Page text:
How We Value Arts and Culture: John Holden

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This is minivations notes on the 2009 paper by John Holden.

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How We Value Arts and Culture: John Holden

  1. 1. minivation Presents their notes on: John Holden (2009). How We Value Arts and culture.Asia Pacific Journal of Arts & Cultural Management Vol. 6, No. 2, pp. 447 – 456.
  2. 2. Two meanings = oppositional.High culture vs popular culture. This led to a lot of confusion.
  3. 3. Today though…
  4. 4. Consequences of this…
  5. 5. The internet is just one factorthat enables this to happen.
  6. 6. Does this shift matter?Yes, because now culture is no longer just a small part of the economy and something quaint for society.
  7. 7. Reason 1: Value…“It seems that people are valuing experiences, and the things that give their lives meaning. They are letting go of the consumption of goods sooner, than letting go of their consumption and production of culture.” p.451
  8. 8. Reason 2: Foreign relations… “We are all having much more interaction with and exposure to other people and other nations.We encounter difference at every turn, what happens on the streets of NY one minute can lead to riots in Islamabad the next.In these circumstances we understandand misunderstand each other as well, through the medium of culture.” p.451
  9. 9. Reason 3: Identity… “…where we define ourselves not so much by our jobs - because those come and go - and not so much by our geography - because we move around -but by our cultural consumption and production. I am who I am, and you are who you are,because of what we watch, read, listen to, write and play.” p.451
  10. 10. All this serves to shift the need for cultureCC 2011 minivationminivation, Unit 27 City Business Centre, Winchester, Hampshire, SO23 7JF from being a „nice‟ thing to behold,Designations used by companies to distinguish their products are often claimed as trademarks.All brand names and product names used in this book are trade names, service marks, trademarks or registered trademarksof their respective owners. The Publisher is not associated with any product or vendor mentioned in this book.to an essential element of our continuingDISCLAIMER: Whilst the information herein is supplied in good faith, no responsibility is taken by either the publisher or the authorfor any damage, injury or loss, however caused, which may arise from the use of the information provided. education.www.minivation.orgThis work is published for educational purposes by minivation and is licenced under theCreative Commons Attribution-Non-Commercial-Share Alike 2.0UK: England & Wales License.To view a copy of this licence, visit:http://creativecommons.org/licenses/by-nc-sa/2.0/uk/or send a letter to:Creative Commons,171 Second Street, Even our ability to networkSuite 300,San Francisco,California 94105,USA and/or access groups.Graphics referenced on page all others CC 9ines.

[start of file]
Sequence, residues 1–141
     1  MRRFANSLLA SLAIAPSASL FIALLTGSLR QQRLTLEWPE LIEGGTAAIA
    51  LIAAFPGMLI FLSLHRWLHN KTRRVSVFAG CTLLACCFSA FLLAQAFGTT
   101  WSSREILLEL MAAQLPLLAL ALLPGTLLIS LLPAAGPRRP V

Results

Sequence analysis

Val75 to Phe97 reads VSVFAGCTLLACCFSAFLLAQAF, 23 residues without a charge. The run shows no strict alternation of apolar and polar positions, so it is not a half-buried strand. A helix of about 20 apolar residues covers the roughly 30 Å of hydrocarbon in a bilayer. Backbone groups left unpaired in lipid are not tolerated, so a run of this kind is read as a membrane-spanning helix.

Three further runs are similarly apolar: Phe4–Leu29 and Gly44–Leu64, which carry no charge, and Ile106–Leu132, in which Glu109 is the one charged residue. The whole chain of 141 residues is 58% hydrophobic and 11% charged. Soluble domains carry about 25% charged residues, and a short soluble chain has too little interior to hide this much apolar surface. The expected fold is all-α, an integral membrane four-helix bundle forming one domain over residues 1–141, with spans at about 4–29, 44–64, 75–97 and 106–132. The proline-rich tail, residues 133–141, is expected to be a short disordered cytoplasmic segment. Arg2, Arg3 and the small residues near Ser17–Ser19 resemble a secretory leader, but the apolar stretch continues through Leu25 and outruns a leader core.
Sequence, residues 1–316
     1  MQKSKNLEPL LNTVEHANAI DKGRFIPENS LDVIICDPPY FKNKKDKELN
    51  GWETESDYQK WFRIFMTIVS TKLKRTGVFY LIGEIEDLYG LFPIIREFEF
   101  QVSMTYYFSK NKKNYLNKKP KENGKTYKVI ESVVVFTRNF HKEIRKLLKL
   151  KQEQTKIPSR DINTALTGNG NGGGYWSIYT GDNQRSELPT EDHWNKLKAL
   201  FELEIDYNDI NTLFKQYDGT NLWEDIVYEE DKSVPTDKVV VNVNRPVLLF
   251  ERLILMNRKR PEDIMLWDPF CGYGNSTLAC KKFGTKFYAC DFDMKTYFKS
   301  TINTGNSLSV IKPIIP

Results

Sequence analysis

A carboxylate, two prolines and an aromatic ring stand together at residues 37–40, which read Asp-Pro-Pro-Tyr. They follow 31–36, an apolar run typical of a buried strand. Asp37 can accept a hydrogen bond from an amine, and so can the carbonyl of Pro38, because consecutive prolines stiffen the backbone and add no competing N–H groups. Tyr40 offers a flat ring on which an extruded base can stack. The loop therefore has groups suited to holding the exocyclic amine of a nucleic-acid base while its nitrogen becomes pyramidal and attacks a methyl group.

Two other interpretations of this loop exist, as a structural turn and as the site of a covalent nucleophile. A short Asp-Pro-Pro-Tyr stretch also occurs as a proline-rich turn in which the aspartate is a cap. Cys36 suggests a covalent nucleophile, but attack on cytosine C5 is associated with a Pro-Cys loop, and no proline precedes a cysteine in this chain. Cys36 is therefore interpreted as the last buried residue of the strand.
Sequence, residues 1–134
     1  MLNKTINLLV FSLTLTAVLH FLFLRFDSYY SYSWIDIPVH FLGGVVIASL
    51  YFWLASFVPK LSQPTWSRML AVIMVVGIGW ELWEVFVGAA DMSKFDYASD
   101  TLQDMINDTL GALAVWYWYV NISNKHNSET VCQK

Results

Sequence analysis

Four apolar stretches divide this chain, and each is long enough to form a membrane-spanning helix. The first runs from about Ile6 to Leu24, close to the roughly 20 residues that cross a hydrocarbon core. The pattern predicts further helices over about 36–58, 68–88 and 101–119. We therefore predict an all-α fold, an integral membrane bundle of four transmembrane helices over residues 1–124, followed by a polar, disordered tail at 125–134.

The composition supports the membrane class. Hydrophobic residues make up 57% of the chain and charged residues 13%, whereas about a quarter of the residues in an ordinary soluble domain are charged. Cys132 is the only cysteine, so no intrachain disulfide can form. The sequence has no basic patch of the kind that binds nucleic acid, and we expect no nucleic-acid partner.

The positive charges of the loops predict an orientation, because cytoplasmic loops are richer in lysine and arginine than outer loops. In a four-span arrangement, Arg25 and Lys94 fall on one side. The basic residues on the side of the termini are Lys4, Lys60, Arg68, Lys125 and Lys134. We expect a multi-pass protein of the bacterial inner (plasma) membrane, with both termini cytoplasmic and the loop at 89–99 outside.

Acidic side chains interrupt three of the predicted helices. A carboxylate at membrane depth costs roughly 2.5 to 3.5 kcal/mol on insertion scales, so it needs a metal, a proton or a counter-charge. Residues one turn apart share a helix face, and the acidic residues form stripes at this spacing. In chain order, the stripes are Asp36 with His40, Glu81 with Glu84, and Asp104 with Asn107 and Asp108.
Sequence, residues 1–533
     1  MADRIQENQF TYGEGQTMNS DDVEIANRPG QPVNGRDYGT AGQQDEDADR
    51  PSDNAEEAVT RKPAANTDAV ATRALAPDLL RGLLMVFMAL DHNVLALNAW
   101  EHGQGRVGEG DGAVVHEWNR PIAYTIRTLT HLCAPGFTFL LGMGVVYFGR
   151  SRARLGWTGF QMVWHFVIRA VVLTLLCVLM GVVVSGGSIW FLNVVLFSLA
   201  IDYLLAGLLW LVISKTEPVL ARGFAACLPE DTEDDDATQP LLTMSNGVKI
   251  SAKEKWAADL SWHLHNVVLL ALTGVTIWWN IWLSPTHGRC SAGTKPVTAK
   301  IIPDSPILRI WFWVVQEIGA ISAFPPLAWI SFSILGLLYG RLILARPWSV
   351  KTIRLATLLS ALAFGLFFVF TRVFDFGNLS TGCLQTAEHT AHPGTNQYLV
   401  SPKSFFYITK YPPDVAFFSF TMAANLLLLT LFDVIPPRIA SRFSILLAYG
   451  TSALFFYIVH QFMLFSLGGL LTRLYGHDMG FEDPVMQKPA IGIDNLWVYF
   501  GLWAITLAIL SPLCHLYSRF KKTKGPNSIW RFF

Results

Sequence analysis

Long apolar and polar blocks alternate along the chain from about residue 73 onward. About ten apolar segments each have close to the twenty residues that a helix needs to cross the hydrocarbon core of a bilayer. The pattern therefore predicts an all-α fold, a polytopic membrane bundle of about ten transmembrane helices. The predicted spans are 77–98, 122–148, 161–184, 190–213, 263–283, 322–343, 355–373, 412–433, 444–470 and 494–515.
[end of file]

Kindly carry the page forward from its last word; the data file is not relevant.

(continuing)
11. 11. In this new paradigm, none of these are more important than any other.
  12. 12. Policy now more important. Much broader issuesconcerned with culture.Culture concerned withmuch broader issues.
  13. 13. Behold, the three (contemporary) values of culture… Intrinsic p.454
  14. 14. Intrinsic: Abstract notions = fun / beauty / sublime. Difficult (for policy) to measure and describe. “Intrinsic means integral to, or an essential part of.” p.452
  15. 15. Instrumental: Accomplishment of (external) aims through the culture. p.452
  16. 16. Institutional: The way the cultural suppliers act in our society.
  17. 17. Intrinsic
  18. 18. Conclusion“ What you value, and the language and metrics youuse to describe that value, depends on who you are.” Motivation = key. p.455
  19. 19. CC minivationminivation, Unit 27 City Business Centre, Winchester, Hampshire, SO23 7JFDesignations used by companies to distinguish their products are often claimed as trademarks.All brand names and product names used in this publication are trade names, service marks, trademarks or registered trademarksof their respective owners. The Publisher is not associated with any product or vendor mentioned.DISCLAIMER: Whilst the information herein is supplied in good faith, no responsibility is taken by either the publisher or the authorfor any damage, injury or loss, however caused, in any form, which may arise from the use of the information provided.www.minivation.orgThis work is published for educational purposes by minivation (2012) and is licenced under theCreative Commons Attribution-Non-Commercial-Share Alike 2.0UK: England & Wales License.To view a copy of this licence, visit:http://creativecommons.org/licenses/by-nc-sa/2.0/uk/or send a letter to:Creative Commons,171 Second Street,Suite 300,San Francisco,California 94105,USA

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